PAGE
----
The IEA is ``more than likely'' to lower its oil-demand forecast for next year in its next monthly oil report, according to Executive Director Nobuo Tanaka. The U.S. Energy Department cut its oil-demand and price forecasts today. A department report tomorrow may show that crude-oil supplies rose last week.
Crude oil for December delivery fell $3.09, or 5.2 percent, to $56.24 a barrel at the 2:30 p.m. close of floor trading on the New York Mercantile Exchange. Futures touched $55.94, the lowest since Jan. 31, 2007. Prices have tumbled 62 percent since reaching a record $147.27 on July 11.
The IEA, which coordinates energy policy in 28 developed countries, will cut its forecast for growth in global demand for a third month from 700,000 barrels a day in its monthly report tomorrow, according to four former analysts at the agency.
The U.S. government reduced its forecast for oil prices next year by 43 percent as the economic slowdown cuts energy demand. West Texas Intermediate crude oil, the U.S. benchmark, will average $63.50 in 2009, down from $112 estimated in October, the Energy Department said in its monthly Short-Term Energy Outlook, released today in Washington.
Global oil consumption will average 85.89 million barrels a day this year, up 80,000 barrels from 2007, according to the report. The estimate is down 250,000 barrels from the forecast a month ago. Demand will average 85.93 million barrels a day in 2009, down 990,000 barrels from last month's forecast.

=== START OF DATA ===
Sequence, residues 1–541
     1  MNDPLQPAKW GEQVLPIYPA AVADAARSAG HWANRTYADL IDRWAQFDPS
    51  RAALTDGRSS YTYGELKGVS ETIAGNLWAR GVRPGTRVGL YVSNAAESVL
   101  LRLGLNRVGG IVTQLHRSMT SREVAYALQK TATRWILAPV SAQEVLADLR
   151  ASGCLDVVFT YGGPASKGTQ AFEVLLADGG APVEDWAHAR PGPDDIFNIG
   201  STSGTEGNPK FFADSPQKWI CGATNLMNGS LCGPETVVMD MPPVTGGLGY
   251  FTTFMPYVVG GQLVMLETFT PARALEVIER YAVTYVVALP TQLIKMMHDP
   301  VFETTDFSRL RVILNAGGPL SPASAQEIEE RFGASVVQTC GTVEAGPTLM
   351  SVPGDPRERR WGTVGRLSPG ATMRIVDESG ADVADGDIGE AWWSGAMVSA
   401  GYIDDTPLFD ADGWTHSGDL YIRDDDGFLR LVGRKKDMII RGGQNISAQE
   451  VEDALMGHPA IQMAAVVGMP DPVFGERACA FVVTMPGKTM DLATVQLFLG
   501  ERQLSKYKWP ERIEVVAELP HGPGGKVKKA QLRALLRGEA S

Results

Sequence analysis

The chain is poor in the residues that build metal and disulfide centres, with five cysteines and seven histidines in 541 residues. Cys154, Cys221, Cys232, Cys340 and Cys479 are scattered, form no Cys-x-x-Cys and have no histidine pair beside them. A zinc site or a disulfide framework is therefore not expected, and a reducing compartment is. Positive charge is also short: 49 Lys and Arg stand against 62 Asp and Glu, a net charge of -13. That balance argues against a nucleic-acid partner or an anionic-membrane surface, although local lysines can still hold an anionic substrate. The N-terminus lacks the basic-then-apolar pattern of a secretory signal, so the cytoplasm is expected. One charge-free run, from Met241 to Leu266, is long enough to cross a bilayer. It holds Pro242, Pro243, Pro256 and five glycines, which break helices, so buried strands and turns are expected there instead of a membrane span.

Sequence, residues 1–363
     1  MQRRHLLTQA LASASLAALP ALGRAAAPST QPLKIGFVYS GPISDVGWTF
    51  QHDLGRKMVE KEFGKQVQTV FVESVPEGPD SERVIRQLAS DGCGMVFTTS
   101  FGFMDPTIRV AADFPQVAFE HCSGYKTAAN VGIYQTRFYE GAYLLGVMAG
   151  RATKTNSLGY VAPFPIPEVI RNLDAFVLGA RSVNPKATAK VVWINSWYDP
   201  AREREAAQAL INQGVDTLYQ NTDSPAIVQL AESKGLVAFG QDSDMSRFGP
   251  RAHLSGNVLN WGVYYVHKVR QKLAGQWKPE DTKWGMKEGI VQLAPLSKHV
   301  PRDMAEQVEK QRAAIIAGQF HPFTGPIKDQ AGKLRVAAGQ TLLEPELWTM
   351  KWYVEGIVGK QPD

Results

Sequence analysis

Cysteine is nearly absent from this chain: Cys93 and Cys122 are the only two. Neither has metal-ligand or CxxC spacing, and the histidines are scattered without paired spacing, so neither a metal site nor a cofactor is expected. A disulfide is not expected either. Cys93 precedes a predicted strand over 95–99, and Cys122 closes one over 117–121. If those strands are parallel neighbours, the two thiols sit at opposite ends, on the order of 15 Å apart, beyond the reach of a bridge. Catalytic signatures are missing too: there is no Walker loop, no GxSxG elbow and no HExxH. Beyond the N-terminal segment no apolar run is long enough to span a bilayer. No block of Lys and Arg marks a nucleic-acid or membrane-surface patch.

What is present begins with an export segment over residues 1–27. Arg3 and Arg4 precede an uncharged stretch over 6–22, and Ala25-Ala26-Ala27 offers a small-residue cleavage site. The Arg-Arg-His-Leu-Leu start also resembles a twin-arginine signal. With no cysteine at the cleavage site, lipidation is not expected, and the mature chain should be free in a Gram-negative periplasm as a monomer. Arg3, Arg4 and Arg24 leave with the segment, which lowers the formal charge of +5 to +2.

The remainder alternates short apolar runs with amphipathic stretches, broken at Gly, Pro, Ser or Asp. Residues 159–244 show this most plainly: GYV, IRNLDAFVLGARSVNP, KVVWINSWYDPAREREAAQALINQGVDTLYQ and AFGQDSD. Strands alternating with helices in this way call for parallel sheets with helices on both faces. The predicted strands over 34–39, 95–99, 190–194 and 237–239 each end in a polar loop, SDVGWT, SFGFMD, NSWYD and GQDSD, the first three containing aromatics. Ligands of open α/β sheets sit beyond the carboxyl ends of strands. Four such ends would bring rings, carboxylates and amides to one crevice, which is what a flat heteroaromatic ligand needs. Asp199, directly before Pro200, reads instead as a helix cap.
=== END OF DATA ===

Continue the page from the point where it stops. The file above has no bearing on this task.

The Organization of Petroleum Exporting Countries, which announced a 1.5 million barrel-a-day supply cut last month to stanch the price drop, may meet again before its next scheduled meeting in December if futures keep declining, Shokri Ghanem, Libya's top oil official, said. OPEC oil ministers and officials are currently holding talks by telephone, he said.
OPEC President Chakib Khelil said the group may announce another output cut before its next planned meeting, Reuters reported. Members of the group produce more than 40 percent of the world's oil.
Prices of $80 a barrel are needed to make investment in new supply economic, the IEA's chief economist, Fatih Birol, said at a conference in London today.
Energy prices also dropped as falling global stock markets signaled that the economic slump may deepen. The Standard & Poor's 500 Index declined 32.25 points, or 3.6 percent, to 866.70. The Dow Jones Industrial Average fell 274.47, or 3.2 percent, to 8,419.49.
U.S. crude-oil stockpiles probably increased 1 million barrels in the week ended Nov. 7 from 311.9 million the week before, according to the median of 13 analyst estimates before the Energy Department report.
The department is scheduled to release its weekly report tomorrow at 11 a.m. in Washington. The report is being delayed by a day because of yesterday's Veterans Day holiday.
Brent crude oil for December settlement declined $3.36, or 6 percent, to $52.35 a barrel on London's ICE Futures Europe exchange. Futures touched $52.08, the lowest since Jan. 19, 2007.